Academic journal article Journal of Biblical Literature

Masking Moses and Mosaic Authority in Torah

Academic journal article Journal of Biblical Literature

Masking Moses and Mosaic Authority in Torah

Article excerpt

Exodus 34:29-35 tells how Moses acquired shining skin on the mountain of God and why he needed to veil his face after descending. The episode takes place after the final mountaintop encounter between Yahweh and Moses in Exodus 34. The basic message of the story is clear enough: Private theophany is so intense that Moses is transformed, which results in his facial skin radiating the afterglow of God even when he descends the mountain. But the literary structure and function of the story are more complex.

The problem with literary structure is that the story is at once a past narrative (w. 29-33) and a paradigm for continual ritual practice (w. 34-35).1 Exodus 34:29-33 begins with an account of Moses' descent from the mountain with shining skin (11y -1]7, v. 29). The leaders react with fear at the sight of Moses' face (v. 30), but return upon hearing his voice (v 31 ). Moses then mediates divine law (v. 32) and upon completion covers his face with a veil (. .., v. 33). Past narrative gives way to an account of continual ritual practice in Exod 34:345. The closing verses state that whenever Moses would enter to speak with Yahweh he removed his veil to receive revelation and to communicate it to Israel. Once divine law was mediated, Moses would cover his face with the veil. The account of continual ritual practice raises a question concerning the function of this episode in the subsequent portrayal of Moses within the Pentateuch, since it suggests that Israel's perception of Moses continued to be restricted to his shining skin during cultic revelation and his veil at all other times.

Commentators have struggled with the puzzling nature of this episode, even while sensing its significance in the characterization of Moses. Brevard Childs probed the prehistory of the story, noting its unusual problems with regard to form and function, and concluding in the end that the origin of the tradition was untraceable.2 Hugo Gressmann sought to make sense of the story by interpreting the veil as a mask analogous to the representative function of masks in primitive religion.3 Many have been attracted intuitively to Gressmann's approach, but there is debate whether the veil conforms to his definition of a mask.4 In addition, his focus on an isolated Sage provided no insight into the function of the episode within the Pentateuch. Interpreters of literary setting have also been frustrated by the story. Martin Noth judged the story to be an insertion, implying that it has little or no role in its present contexts Frank Cross used the term "postscript," suggesting some relation to the preceding literature, perhaps as a conclusions Menahem Haran concludes simply that Exod 34:29-35 deals with "one of Moses' unique peculiarities," which is "unmentioned elsewhere in the Hebrew Bible."7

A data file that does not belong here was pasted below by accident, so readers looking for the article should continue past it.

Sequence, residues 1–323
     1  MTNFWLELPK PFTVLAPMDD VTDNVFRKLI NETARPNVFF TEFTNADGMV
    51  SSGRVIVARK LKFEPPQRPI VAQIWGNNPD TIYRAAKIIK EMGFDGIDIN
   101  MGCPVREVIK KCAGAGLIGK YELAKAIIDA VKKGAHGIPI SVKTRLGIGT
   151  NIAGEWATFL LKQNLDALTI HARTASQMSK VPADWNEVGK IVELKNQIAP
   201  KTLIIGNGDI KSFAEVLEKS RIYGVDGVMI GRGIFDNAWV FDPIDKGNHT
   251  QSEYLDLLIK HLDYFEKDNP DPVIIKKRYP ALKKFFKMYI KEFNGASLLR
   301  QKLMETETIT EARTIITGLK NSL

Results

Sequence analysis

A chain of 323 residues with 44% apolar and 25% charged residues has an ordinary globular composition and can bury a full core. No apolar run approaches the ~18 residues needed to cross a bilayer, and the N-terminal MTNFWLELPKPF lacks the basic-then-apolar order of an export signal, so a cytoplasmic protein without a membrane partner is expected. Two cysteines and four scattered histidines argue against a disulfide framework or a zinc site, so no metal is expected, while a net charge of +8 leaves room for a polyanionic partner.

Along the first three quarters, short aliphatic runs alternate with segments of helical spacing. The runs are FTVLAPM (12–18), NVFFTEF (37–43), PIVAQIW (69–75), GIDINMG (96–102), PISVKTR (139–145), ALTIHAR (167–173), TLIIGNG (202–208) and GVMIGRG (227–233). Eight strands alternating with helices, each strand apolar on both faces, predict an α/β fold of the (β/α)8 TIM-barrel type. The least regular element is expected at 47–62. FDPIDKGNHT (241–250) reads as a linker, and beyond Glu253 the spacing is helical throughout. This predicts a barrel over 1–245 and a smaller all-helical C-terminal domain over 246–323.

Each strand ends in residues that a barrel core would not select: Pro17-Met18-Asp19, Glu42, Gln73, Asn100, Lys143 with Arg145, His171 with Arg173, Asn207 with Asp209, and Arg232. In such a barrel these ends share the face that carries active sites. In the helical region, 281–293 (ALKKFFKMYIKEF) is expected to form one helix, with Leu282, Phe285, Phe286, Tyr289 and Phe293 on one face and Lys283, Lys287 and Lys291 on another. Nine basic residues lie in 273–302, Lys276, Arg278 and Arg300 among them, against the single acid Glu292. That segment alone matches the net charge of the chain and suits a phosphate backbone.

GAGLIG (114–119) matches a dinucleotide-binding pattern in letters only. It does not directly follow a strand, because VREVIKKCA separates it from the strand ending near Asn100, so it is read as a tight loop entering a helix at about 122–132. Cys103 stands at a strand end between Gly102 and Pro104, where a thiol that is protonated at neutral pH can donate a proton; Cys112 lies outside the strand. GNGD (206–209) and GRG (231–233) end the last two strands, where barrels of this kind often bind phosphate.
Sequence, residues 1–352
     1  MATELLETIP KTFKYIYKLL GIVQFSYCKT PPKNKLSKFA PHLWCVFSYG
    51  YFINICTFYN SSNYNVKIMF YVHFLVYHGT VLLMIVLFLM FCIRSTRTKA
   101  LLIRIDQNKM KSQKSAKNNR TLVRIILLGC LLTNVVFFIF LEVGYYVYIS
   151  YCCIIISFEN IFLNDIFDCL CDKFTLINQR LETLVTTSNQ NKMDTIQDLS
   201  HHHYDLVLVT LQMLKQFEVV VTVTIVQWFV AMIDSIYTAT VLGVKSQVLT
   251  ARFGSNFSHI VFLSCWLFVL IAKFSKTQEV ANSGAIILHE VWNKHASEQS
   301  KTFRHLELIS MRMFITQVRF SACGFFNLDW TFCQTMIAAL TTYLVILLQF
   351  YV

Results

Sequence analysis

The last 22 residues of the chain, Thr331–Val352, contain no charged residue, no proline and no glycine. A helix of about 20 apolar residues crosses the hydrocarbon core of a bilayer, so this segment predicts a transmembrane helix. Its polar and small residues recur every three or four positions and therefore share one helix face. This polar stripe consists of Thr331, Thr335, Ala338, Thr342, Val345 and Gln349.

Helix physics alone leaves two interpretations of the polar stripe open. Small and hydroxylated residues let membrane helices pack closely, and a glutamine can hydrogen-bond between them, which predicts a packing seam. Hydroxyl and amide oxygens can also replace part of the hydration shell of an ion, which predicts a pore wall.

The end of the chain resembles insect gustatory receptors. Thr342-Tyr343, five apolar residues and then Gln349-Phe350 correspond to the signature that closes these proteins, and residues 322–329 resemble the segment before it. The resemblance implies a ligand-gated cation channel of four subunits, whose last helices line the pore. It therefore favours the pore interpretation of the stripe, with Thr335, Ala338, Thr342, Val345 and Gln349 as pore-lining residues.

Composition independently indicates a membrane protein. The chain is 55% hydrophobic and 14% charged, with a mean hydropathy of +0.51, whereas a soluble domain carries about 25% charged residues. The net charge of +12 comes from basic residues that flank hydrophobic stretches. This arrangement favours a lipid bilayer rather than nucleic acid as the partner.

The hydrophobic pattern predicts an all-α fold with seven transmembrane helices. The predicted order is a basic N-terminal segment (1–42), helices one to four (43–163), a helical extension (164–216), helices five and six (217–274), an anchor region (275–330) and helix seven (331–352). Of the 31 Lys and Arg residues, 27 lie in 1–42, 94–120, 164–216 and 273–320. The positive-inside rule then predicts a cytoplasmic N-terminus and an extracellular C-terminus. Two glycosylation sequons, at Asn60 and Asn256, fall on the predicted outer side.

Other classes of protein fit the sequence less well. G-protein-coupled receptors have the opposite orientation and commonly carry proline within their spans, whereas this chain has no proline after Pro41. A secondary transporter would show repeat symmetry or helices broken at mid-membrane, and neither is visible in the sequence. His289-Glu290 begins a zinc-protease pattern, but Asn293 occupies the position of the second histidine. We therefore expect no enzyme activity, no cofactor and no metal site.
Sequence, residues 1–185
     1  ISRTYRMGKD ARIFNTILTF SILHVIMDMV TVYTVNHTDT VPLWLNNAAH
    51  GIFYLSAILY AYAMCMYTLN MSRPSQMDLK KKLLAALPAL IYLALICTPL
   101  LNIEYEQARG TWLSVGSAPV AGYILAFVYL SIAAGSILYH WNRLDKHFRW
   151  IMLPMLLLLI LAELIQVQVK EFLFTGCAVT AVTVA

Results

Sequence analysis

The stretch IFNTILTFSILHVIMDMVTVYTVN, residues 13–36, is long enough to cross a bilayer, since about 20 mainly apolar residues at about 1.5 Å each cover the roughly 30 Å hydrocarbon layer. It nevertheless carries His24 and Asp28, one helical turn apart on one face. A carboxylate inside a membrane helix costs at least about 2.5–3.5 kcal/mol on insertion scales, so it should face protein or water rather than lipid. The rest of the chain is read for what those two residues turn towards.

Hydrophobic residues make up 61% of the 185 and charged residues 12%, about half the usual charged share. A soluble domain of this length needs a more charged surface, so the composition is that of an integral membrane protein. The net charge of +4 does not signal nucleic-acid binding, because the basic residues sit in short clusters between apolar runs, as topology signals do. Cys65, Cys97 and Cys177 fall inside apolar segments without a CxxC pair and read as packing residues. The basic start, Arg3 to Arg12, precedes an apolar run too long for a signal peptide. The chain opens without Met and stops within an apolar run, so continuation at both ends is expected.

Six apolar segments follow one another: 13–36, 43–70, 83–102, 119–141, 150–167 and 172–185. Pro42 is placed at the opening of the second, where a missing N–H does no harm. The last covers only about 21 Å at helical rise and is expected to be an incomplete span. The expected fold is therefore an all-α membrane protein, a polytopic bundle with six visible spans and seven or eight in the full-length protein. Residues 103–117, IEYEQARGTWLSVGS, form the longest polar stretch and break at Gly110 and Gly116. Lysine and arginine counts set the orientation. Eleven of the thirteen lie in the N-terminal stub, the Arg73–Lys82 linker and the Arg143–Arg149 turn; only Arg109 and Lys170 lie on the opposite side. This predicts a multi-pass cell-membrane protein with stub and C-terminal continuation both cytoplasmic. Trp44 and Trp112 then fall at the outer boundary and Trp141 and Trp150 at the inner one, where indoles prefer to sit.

Research on ritual masks has progressed beyond the original insights of Gressmann, confirming his identification of Moses' veil as a mask. My aim is to employ recent research on the meaning and function of ritual masks to interpret the literary significance of Moses' shining skin and veil within the larger setting of the life of Moses in the Pentateuch. My study also departs from Gressmann's earlier work by being limited to an interpretation of the literature. It is not an argument for the cultic use of masks in ancient Israelite religion, as Gressmann sought to demonstrate? My interpretation has three specific goals.

First, a summary of recent definitions of masks will demonstrate that both the shining skin of Moses and his veil are masks, and that their interrelationship creates Mosaic authority. Second, examination of literary setting will clarify that Moses' masking is intended to influence his portrayal throughout the Pentateuch as the unique mediator of divine law. Third, attention to composition will illustrate two interpretations of Mosaic authority in the design of the canonical Pentateuch. A pre-Priestly version anchors Mosaic authority within the Tent of Meeting, while a Priestly version shifts the setting to the Tabernacle cult. …

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